Those are the final words in the ‘The Railway Man’ – a film about war hero Eric Lomax’s experience of living with post-traumatic stress disorder (PTSD). Lomax went on to develop MG in his later years and, while watching the film last night, I couldn’t help wondering if he was able to forgive his own body during his battle with the illness.
From 1942 onwards, Edinburgh-born Lomax was forced to work on the infamous Death Railway, between Thailand and Burma, by the Japanese after he was captured in the fall of Singapore. He was brutally tortured
after Japanese troops found him to be the ring-leader of a group with a transistor radio. Rather than documenting the tortures he faced, the film focuses on how PTSD affected his life following those three years in captivity, about how he eventually found the strength to confront his torturer and even managed to forgive him.
After the credits rolled, I have thought a lot about the power of forgiveness and letting go. We all have events in our lives that shape us and, although I’ve been blessed with a loving family and friends, I’ve had both wonderful and painful moments that have made me who I am today. Getting the diagnosis of myasthenia is just one of those events, and the film made me question whether I have truly forgiven myself for it?
While watching Lomax’s struggle on screen, I couldn’t help wondering if the connection between nerve damage and the condition has ever been investigated. The beatings inflicted on the brave soldier were severe and, viewing those scenes, I wondered if my short-lived career as a university boxer might have played a part in triggering my MG. While I only boxed for about two years, the rigorous training and sparring used to leave my nerves twitching for hours afterwards.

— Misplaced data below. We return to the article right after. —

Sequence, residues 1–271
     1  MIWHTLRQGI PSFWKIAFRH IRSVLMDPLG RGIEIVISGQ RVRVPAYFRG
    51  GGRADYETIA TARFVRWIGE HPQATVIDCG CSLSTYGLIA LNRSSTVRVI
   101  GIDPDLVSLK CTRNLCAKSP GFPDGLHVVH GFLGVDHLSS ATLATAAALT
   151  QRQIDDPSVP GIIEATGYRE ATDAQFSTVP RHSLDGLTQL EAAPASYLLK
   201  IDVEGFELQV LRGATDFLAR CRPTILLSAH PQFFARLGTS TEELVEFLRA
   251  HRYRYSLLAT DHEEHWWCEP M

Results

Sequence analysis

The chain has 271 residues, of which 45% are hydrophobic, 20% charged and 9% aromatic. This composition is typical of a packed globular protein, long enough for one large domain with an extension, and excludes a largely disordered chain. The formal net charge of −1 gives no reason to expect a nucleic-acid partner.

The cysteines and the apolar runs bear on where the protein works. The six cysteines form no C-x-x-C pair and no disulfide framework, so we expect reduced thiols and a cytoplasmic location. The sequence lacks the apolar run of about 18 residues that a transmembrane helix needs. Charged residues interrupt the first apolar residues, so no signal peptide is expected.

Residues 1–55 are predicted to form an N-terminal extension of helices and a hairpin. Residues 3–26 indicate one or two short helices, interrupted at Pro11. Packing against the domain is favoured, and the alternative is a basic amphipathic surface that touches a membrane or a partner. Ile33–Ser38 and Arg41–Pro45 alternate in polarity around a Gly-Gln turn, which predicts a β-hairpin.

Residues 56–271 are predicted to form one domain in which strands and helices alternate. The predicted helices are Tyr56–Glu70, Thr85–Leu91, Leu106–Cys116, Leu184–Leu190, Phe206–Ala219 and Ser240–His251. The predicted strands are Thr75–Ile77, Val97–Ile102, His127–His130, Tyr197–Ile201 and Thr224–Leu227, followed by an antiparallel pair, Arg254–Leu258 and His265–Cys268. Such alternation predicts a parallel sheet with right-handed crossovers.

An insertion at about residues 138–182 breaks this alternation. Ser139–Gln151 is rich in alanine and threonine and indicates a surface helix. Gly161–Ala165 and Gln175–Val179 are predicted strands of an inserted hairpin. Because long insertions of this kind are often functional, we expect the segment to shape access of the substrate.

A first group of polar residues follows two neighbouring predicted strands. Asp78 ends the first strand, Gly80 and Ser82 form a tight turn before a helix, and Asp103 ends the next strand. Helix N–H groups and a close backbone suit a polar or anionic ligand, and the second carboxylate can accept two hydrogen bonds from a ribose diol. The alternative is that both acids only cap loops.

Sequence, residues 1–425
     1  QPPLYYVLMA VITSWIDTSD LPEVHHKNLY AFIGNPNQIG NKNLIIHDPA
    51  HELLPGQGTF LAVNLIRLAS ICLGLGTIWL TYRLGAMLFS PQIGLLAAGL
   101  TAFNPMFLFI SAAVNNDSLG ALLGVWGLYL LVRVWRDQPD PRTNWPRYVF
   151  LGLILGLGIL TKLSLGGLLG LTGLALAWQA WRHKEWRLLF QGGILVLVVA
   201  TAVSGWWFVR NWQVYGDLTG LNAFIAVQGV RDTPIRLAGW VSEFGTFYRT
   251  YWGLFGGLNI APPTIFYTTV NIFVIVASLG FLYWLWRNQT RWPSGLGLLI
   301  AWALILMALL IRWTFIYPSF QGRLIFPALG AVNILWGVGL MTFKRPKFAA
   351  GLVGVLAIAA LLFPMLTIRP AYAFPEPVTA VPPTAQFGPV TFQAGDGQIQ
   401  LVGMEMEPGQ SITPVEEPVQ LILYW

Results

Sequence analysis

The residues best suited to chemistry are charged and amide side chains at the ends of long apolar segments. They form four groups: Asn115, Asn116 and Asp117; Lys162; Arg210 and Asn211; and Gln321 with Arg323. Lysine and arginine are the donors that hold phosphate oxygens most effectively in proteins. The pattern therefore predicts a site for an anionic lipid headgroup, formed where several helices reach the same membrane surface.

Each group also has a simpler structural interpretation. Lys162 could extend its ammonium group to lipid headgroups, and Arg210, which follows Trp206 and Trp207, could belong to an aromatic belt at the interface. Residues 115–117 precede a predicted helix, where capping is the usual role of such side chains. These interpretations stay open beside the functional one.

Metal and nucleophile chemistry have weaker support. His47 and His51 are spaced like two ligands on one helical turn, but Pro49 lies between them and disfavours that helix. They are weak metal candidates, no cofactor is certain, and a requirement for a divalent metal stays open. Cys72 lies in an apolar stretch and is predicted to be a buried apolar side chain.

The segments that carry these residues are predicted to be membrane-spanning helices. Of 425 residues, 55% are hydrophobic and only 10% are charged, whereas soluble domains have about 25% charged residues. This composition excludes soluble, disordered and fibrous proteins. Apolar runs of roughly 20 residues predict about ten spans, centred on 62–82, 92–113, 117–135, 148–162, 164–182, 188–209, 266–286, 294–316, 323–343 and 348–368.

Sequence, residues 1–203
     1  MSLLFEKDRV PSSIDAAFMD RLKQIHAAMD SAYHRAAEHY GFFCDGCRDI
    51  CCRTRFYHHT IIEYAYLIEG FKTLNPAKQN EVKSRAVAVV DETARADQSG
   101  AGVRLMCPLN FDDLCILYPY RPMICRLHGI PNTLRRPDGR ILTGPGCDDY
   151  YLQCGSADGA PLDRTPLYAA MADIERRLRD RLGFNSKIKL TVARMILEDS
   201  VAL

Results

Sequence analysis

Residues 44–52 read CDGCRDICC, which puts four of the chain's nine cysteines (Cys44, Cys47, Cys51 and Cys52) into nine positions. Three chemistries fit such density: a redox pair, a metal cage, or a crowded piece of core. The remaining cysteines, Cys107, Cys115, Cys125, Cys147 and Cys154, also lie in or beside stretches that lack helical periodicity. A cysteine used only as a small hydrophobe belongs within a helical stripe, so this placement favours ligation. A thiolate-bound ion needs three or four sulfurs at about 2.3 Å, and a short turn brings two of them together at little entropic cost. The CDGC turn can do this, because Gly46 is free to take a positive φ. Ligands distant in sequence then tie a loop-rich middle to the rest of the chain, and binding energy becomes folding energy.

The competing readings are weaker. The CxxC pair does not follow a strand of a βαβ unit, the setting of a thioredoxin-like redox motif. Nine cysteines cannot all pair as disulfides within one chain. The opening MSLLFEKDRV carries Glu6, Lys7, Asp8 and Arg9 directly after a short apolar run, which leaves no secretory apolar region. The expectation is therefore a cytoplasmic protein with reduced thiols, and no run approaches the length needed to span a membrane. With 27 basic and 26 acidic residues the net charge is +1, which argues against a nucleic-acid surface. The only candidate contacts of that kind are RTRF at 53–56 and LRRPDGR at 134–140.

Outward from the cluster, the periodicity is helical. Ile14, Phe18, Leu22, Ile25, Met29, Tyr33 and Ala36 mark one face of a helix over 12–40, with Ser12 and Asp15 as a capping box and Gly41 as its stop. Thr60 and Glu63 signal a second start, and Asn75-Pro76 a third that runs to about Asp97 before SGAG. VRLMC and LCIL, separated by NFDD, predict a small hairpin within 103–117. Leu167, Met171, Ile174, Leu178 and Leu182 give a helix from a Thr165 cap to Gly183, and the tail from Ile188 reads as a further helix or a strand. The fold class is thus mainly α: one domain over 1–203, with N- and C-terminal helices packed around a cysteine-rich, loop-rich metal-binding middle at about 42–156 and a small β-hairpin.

Then there is the malnutrition – I have read in several places online about prisoners of war in WW2 developing MG due to the lack of nutrients in their diet. While I’ve not been able to trace this to a reliable source, it has made me consider how poor my diet was in my formative years.
These amateur ‘explanations’ are what I did in the beginning and I’ve found them to be mostly destructive. I say this because I always end up attributing blame to myself, which can very easily become self hatred. The truth is I probably wouldn’t do anything differently even if I did have a time travelling device – my moments in the boxing ring gave me an adrenalin rush that I’ve been unable to match to this day and my diet is healthy now because my palate has changed over time.
While it would be fantastic to have a definitive reason for the condition’s appearance, it probably wouldn’t make a difference in my attempt to live fully alongside the MG.
As Lomax says:
Some time the hating has to stop
Not much has been written about Lomax’s battle with myasthenia – other than misinformation about MG being a ‘muscle wasting’ condition. I have contacted his daughter via Facebook with the hope that she will be up for a chat regarding her father.
If you’re looking for a good movie to stick on, I’d thoroughly recommend The Railway Man.